Slinging ropes must not be exposed to chemical influences.
Use of slinging ropes in different temperature ranges
The permissible operating temperatures for slinging ropes depend on the rope end connection and the type of rope core. The table shows the remaining load capacities:
Rope end connection
Temperature range °C
Load capacity %
Aluminium press clamp
-40 to +100
-40 to +150
-40 to +100
+150 to +200
+200 to +300
+300 to +400
-40 to +100
+150 to +200
+200 to +300
+300 to +400
6. regular audits
In accordance with the Ordinance on Industrial Safety and Health, slinging ropes must be inspected by a competent person (expert) within inspection periods that have been determined by a risk assessment carried out by the respective employer and after extraordinary events that may have damaging effects on the safety of slinging ropes. The results of the test shall be recorded (DoQM test documentation software available from Dolezych). Depending on the conditions of use of the slinging ropes, inspections may be required in a short period of time, i.e. far less than after 1 year. This applies, for example, in the case of particularly frequent use, increased wear, corrosion or heat exposure, or if an increased risk of damage is to be expected on the basis of operating experience.
During the period of use, the user must carry out regular visual inspections to detect any damage. Particular attention should be paid to damage concealed by dirt, which could endanger the safe, long-term use of the slinging ropes. As soon as there is any doubt about the safe condition of a slinging rope, it must be taken out of service and inspected by an expert.
Illegible marking (information on identification and / or load-bearing capacity)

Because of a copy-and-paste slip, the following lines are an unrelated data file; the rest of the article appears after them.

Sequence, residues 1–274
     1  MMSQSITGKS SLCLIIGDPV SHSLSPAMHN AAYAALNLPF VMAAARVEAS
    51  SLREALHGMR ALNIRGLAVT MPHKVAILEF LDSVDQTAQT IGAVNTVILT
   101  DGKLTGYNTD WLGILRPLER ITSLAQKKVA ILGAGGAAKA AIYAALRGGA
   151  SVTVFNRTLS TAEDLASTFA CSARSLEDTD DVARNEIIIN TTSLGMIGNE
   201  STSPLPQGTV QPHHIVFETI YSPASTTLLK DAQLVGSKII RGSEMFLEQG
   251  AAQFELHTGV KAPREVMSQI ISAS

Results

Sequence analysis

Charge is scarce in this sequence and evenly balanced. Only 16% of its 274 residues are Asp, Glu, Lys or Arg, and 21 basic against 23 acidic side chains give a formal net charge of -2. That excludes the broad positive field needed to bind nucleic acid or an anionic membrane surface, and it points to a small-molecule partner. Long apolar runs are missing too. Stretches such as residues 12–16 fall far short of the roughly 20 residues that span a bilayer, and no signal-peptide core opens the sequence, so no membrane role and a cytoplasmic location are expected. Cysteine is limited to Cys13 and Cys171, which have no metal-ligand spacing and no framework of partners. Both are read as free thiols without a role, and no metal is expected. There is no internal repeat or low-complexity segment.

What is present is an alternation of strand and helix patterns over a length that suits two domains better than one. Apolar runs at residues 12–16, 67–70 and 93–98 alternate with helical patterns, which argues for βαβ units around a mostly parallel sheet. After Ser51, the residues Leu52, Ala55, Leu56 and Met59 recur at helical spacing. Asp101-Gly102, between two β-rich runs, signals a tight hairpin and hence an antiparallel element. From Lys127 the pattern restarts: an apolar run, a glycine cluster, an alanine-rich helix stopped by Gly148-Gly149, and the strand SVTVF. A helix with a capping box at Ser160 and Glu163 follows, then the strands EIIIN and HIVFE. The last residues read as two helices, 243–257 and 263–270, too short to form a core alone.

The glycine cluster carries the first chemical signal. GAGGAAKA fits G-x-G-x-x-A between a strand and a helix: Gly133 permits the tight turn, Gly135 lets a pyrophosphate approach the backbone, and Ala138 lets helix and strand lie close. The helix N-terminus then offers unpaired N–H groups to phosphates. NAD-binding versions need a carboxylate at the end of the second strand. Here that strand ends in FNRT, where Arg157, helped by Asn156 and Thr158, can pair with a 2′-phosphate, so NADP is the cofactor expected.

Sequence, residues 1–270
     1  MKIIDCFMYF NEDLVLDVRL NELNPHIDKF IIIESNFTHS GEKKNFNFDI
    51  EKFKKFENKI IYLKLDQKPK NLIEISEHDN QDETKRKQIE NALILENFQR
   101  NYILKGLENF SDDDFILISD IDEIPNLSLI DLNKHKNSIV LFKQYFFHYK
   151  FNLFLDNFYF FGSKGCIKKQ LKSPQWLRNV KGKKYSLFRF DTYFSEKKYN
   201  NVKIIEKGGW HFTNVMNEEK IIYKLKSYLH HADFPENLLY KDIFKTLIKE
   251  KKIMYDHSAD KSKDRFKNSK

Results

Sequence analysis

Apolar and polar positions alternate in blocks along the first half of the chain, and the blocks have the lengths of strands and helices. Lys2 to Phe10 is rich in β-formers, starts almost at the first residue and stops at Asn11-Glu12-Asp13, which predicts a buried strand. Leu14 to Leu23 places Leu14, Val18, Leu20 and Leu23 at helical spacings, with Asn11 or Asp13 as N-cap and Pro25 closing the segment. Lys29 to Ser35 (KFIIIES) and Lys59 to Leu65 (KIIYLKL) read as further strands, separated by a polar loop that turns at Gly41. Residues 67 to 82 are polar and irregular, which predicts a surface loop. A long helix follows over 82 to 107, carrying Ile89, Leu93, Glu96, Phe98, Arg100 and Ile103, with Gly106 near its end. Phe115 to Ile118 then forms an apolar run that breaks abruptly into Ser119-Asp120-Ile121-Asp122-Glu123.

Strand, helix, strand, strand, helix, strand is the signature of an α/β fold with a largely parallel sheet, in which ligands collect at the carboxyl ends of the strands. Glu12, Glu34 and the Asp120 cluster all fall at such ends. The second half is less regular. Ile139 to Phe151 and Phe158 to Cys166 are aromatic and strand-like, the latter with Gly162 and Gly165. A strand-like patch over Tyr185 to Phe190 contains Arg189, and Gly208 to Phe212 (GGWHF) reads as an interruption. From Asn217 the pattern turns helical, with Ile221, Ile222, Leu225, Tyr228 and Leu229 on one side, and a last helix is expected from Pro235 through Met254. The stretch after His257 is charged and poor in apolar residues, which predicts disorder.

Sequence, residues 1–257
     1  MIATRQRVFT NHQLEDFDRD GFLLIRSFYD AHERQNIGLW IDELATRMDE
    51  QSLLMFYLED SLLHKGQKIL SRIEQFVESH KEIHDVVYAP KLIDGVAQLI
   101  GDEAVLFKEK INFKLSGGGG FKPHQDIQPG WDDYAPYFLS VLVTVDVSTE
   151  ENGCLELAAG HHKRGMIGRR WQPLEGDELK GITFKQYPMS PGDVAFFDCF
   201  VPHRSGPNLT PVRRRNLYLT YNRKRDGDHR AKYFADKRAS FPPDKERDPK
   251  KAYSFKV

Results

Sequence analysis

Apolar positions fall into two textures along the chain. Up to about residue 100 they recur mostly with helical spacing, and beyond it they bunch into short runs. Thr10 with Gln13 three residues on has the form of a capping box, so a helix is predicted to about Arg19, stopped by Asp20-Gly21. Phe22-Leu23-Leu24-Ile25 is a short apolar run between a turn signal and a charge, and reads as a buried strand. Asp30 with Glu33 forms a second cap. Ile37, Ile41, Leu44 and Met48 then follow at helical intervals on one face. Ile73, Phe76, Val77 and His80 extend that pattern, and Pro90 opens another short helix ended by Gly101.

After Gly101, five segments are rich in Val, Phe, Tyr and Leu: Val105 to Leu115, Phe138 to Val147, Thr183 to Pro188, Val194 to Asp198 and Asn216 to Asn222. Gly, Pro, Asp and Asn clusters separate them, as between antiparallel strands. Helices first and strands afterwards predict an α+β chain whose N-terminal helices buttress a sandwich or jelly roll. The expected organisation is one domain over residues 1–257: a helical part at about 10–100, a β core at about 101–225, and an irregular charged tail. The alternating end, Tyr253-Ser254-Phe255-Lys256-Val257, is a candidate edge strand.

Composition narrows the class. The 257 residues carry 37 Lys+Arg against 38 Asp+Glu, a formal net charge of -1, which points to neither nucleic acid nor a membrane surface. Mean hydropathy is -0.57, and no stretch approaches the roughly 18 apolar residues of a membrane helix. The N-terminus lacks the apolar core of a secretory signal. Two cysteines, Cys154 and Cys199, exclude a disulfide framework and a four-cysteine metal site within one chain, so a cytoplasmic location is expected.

Wear of the suspension or end links by more than 15%.
Wear of the hook base by more than 5%
Hook expansion by more than 10%
elongation of the suspension or end links by more than 10% of the internal length
Visible breaks or cracks on hooks and suspension or end links
Visible deformation or bending of individual components
Damage to the rope end connections
Wear of the free rope length by more than 10% of the nominal rope diameter (d)
Fracture of a whole strand
Crushing in the contact area of the eye with more than four wire breaks in the case of stranded ropes and more than ten wire breaks in the case of cable lay ropes
More than six randomly distributed wire breaks in outer wires over a length of 3 d and not more than 14 over a length of 6 d.
The figures given in the table are considered to be the extreme limits. Discarding the slinging ropes when the number of wire breaks is lower increases safety.
More than three adjacent wire breaks on outer wires of a stranded wire (concentration)
Loosening of the outer layer in the free length
notches in and bruises on the rope (in the free length) which are not minor
Kinks, flattening, cage formation, protrusion of the core or other damage which may lead to deformation of the rope structure (rope deformation) *)
Reduction of the wire rope cross-section in the area of deformation by more than 10% of the nominal rope diameter
Damage due to heat (tarnishing of the wires, loss of lubricant or pitting), acid or lye
Damage to the rope structure (knots, constriction, flattening, kink, kink)
Damaged rope end connections (wear, deformation or cracks in press clamps or pulling out the splice)
Loose (dead) rope end is pulled into the clamp
In the case of a conical crimp connection, the end of the rope is not visible in the inspection hole.
Modifications or manipulations to components
Pitting of the wires or reduction of flexibility due to corrosion
Minimum rope diameter less than 8 mm
*) Note: The definition of the permissible and discardable rope deformation is given in DIN EN 13414-2, Annex A.2.3.6. described for the competent person in an application-oriented manner. The main point to watch out for is the displacement of wires or strands from their original position in the rope. Slight bends in the rope where the wires and strands are still substantially in their original position are not considered to be serious damage.
8. general hazard warnings
When lifting loads with slings, the person under or next to the load is at risk. As the manufacturer, we must point out to you, the user, that there are residual hazards when handling slings, particularly in that the connection from the sling to the load is not sufficiently secure or that the load swings after lifting and endangers the slinger. Falling loads endanger persons and goods.
As a user, ensure that your slingers and crane operators are well trained by means of suitable training measures. Several times a year, Dolezych holds slinging seminars for all those who are responsible for slinging equipment. Dolezych also conducts seminars on your premises: Talk to us!